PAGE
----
Yukico Yamada is a ceramicist based in an old neighbourhood of Kyoto where they preserve the simple wooden houses of traditional Japanese architecture, surrounded by mountains and forests. Yamada grew up in rural Osaka and instinctively learned to appreciate the beauty of nature, which has influenced her practice today. She has exhibited internationally, holding her first solo show in Kyoto in 2019 and many other group exhibitions across New Zealand, China, and Japan.
Her earthy, brutalist pottery is a fusion of elegance and irregularity, with undulating lines, soft curves, and skewed edges. Her minimalist body of work observes nature, using skilful hand building techniques, subtle glazes and electric kiln firing to express an interpretation of her surrounding landscape. She has a desire to express the quiet poetic moments of observation in her ceramics, breathing the smell of the earth and listening to the grass swaying in the breeze.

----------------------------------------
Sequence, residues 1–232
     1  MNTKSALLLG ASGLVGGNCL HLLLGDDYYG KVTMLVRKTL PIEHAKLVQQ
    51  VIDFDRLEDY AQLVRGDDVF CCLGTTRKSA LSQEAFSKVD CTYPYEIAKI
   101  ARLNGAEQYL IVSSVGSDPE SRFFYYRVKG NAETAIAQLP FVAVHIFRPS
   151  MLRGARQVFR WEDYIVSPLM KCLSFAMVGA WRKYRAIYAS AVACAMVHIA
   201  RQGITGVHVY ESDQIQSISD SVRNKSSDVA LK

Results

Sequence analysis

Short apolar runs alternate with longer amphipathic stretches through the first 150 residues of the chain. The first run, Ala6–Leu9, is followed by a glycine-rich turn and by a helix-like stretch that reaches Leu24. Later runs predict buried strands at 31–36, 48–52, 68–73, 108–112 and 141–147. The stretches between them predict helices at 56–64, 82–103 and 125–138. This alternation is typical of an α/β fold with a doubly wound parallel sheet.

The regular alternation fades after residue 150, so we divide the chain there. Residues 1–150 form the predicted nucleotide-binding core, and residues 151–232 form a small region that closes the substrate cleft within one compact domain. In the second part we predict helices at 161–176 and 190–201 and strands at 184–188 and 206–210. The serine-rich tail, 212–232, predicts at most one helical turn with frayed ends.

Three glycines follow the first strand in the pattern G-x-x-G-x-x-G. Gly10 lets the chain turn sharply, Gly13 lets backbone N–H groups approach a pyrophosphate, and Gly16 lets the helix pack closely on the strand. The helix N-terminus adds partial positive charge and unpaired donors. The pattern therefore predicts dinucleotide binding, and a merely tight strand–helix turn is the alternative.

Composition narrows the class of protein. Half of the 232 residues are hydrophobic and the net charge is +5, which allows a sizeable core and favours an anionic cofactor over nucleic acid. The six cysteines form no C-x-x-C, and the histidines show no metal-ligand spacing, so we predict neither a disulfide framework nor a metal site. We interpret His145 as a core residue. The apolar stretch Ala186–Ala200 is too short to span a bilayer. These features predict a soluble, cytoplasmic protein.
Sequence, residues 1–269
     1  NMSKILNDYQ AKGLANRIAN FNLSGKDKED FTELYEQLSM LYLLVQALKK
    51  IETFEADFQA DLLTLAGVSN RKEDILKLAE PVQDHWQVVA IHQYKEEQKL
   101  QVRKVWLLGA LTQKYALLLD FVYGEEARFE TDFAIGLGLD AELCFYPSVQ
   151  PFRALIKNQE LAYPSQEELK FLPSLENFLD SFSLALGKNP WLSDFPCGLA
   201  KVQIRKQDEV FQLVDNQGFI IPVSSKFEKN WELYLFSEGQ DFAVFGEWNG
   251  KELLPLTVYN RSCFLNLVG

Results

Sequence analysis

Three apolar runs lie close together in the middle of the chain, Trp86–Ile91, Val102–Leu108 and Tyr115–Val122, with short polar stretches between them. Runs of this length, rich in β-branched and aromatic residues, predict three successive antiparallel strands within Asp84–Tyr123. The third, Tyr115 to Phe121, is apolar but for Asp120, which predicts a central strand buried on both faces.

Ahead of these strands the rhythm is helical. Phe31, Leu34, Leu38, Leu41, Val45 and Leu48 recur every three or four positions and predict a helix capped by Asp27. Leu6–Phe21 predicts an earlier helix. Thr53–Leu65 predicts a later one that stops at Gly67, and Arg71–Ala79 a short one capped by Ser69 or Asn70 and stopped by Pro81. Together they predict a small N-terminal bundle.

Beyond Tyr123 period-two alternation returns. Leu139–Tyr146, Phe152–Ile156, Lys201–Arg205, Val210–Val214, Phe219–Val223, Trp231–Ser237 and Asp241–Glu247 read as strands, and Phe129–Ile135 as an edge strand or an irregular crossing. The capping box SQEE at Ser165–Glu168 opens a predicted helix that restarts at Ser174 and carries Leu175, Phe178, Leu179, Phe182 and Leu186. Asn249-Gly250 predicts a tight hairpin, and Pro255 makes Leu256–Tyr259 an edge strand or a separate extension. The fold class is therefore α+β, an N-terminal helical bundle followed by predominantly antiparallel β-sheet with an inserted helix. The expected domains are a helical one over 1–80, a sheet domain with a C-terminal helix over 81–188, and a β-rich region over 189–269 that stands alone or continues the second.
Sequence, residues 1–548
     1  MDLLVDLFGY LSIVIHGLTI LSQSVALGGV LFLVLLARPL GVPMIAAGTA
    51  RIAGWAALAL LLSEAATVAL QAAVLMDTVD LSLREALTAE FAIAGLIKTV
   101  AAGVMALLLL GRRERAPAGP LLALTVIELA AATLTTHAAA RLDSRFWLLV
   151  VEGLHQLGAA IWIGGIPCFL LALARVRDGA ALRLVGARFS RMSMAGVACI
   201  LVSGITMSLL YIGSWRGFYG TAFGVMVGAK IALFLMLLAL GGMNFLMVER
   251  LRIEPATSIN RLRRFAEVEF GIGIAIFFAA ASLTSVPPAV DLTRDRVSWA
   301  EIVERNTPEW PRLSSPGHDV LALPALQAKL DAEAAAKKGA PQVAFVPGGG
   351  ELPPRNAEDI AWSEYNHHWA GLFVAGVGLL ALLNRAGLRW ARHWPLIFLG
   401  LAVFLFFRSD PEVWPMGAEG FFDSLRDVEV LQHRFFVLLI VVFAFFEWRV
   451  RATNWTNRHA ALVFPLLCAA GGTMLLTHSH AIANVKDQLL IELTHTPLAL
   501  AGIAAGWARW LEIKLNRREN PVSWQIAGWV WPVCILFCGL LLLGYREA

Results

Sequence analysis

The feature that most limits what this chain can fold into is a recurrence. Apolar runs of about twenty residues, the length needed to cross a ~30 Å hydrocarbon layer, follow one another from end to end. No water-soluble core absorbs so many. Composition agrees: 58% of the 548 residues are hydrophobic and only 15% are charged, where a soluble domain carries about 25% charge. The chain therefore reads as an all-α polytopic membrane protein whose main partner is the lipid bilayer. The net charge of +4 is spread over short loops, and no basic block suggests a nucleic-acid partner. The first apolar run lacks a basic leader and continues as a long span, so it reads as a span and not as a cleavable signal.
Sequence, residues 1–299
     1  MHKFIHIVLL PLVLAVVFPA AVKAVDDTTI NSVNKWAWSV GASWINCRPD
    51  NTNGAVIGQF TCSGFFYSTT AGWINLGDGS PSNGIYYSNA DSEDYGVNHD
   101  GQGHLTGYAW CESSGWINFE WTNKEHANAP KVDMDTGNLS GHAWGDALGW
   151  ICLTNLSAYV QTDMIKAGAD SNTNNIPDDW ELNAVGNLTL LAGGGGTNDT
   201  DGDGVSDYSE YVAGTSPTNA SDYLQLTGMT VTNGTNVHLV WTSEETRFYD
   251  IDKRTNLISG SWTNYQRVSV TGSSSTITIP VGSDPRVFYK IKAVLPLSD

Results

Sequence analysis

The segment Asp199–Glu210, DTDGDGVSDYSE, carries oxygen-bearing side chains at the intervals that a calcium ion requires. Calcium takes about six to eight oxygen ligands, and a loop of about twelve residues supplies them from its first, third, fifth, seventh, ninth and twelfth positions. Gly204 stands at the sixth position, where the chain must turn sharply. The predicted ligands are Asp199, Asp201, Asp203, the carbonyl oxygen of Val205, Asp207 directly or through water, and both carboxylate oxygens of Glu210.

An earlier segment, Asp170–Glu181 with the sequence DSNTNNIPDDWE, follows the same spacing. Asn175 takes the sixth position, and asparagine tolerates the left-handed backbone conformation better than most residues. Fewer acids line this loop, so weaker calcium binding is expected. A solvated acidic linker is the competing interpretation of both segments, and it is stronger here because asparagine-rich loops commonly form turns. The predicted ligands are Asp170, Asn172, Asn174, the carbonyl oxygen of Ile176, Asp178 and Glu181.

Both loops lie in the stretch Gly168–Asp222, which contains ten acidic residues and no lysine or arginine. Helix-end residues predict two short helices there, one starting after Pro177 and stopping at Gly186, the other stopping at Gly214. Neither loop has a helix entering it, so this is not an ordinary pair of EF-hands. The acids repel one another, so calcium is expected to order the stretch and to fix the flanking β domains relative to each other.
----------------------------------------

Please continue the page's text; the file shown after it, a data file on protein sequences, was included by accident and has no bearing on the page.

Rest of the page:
She says: “my source of inspiration has no concrete form; but if I am attentive to the moment in front of me, I realise it is full of wondrous things, and that gives me ideas for the form and texture of my works.”